Ask a winemaker what it takes to make a good wine, and she’ll probably say, “It all starts in the vineyard.”
It’s true for wine quality, and it’s true for sustainable winemaking too.
Sustainability might seem like a fuzzier concept than organics or biodynamics – terms we explored in some depth in an earlier post. But the truth is, a wide range of wineries, whether they dot the I’s and cross the T’s for a fancy certification, are working hard to respect the land and the people who work it, and meet the demands of the environmentally aware consumers who enjoy their products.
For wineries like Protea, sustainability is built on a foundation of being proactive and attentive in the vineyard in order to nurture a healthy ecosystem that will help ensure long-term wholistic success. Here are some of the practices employed to make this happen.
Engage in a Coverup
Instead of nuking the life out of the space between the vine rows, cover crops are grown. One benefit of cover crops – as seen in the picture at top – is that they can attract beneficial insects like ladybugs and lacewings, who will feast on potential pests. That means less use of pesticides.
But cover crops can do more than that. They can also help control erosion on sloping vineyards (which are often prized for high-quality grapes), and when plowed under, can replenish soil nutrient levels.
Alongside and outside the vineyard, sustainable wineries work to maintain or rehabilitate natural vegetation, animal life and biodiversity. If you visit a sustainably farmed vineyard, you might very well notice owl boxes; owls on site can be an inexpensive, earth-friendly form of rodent control.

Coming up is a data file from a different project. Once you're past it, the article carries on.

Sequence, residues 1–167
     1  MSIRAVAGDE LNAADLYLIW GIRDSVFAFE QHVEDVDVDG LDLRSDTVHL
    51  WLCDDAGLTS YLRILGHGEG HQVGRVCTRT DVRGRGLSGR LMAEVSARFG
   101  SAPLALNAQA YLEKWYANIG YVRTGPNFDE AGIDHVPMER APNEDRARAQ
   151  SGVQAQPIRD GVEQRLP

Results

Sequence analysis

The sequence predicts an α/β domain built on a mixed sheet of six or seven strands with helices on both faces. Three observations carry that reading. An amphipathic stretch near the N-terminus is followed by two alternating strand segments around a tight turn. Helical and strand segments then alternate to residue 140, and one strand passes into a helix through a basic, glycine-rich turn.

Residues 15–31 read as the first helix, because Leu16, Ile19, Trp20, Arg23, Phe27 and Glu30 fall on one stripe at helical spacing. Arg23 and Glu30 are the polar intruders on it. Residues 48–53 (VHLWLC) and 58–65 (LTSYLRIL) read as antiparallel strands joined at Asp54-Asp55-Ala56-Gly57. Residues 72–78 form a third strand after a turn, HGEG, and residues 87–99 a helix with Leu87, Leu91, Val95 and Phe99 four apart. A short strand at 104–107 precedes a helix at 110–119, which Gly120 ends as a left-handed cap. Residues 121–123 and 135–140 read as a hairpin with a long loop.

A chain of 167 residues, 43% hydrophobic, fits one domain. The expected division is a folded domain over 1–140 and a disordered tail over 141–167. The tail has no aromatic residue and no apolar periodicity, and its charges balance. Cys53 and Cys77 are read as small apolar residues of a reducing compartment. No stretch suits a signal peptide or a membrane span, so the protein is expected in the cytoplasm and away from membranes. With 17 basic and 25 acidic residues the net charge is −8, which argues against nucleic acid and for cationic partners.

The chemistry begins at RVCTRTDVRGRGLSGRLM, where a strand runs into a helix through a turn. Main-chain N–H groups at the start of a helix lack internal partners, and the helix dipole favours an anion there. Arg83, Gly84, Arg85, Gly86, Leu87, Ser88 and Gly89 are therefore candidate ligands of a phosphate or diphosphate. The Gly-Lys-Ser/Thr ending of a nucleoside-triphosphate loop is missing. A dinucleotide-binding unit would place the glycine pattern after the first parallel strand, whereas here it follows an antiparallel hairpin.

Other vineyards are making themselves amenable to insect-loving bats. Some have had success with bat boxes, but most have found that bats need natural habitats to flourish. Riparian vegetation and native trees can be just the ticket.
Keep the Tractor in the Barn
There’s nothing that connotes farming more than the sight of a tractor slowing working its way through a field, whether it’s a big spread of corn or a vineyard. But tractor trips can take their toll, compacting the soil and consuming expensive diesel, which of course leads to more pollution output and a higher carbon footprint.
Interestingly, some sustainability advocates argue that by carefully using highly effective, targeted pesticides, when necessary, they can actually decrease their interventions in the vineyard, compared to organic growers whose non-synthetic applications can require more persistence and might not be as targeted to a specific task.
Be Wise About Water
One thing that can make a place great for growing grapes is several months of relatively dry, sunny weather. Those same qualities, however, can also leave water in short supply.
To be more sustainable with their water use, many grape growers have turned to technology. Sensors, for instance, can deliver data on vine transpiration, helping the grower to be more judicious with water use. Many growers have also found that shifting when they water – generally, using much less early in the season and a little more later – can not only dramatically reduce water usage, but also increase wine quality.
Many of us are composting at home, either through local collection programs or in our own gardens. So it’s no surprise that sustainable wineries turn all kinds of biodegradable waste – from their cellars (the discarded grape skins and seeds, for example), winery restaurants, etc. – into “food” for their soils. Others might have farm animals that can provide excellent compost, or they contract with local farmers.
Of course, Protea tries to take sustainability from the vineyard all the way through to the product packaging, making a bottle that is so beautiful, you’ll be inspired to find another use for it. Click on the links below to read some of the cool things you can do with your Protea bottle!
- How to Make Wine Bottle Solar Lights
- A Spring Wine-Bottle Upcycling Project in 5 Easy Steps
- How to Cut a Wine Bottle in Mere Minutes